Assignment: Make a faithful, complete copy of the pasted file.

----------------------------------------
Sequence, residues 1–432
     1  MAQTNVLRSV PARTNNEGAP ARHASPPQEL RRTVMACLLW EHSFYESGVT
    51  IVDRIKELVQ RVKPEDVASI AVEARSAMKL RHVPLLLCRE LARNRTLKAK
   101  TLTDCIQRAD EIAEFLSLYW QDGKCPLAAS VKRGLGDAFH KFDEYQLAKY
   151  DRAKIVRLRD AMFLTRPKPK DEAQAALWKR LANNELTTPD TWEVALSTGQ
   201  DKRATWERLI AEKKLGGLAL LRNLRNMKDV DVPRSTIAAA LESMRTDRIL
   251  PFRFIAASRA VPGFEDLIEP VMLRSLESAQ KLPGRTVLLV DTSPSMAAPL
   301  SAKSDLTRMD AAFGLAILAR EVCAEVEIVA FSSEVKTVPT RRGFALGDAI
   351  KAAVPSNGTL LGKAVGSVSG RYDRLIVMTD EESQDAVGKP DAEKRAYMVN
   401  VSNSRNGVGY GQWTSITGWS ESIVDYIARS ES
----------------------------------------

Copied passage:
Sequence, residues 1–432
     1  MAQTNVLRSV PARTNNEGAP ARHASPPQEL RRTVMACLLW EHSFYESGVT
    51  IVDRIKELVQ RVKPEDVASI AVEARSAMKL RHVPLLLCRE LARNRTLKAK
   101  TLTDCIQRAD EIAEFLSLYW QDGKCPLAAS VKRGLGDAFH KFDEYQLAKY
   151  DRAKIVRLRD AMFLTRPKPK DEAQAALWKR LANNELTTPD TWEVALSTGQ
   201  DKRATWERLI AEKKLGGLAL LRNLRNMKDV DVPRSTIAAA LESMRTDRIL
   251  PFRFIAASRA VPGFEDLIEP VMLRSLESAQ KLPGRTVLLV DTSPSMAAPL
   301  SAKSDLTRMD AAFGLAILAR EVCAEVEIVA FSSEVKTVPT RRGFALGDAI
   351  KAAVPSNGTL LGKAVGSVSG RYDRLIVMTD EESQDAVGKP DAEKRAYMVN
   401  VSNSRNGVGY GQWTSITGWS ESIVDYIARS ES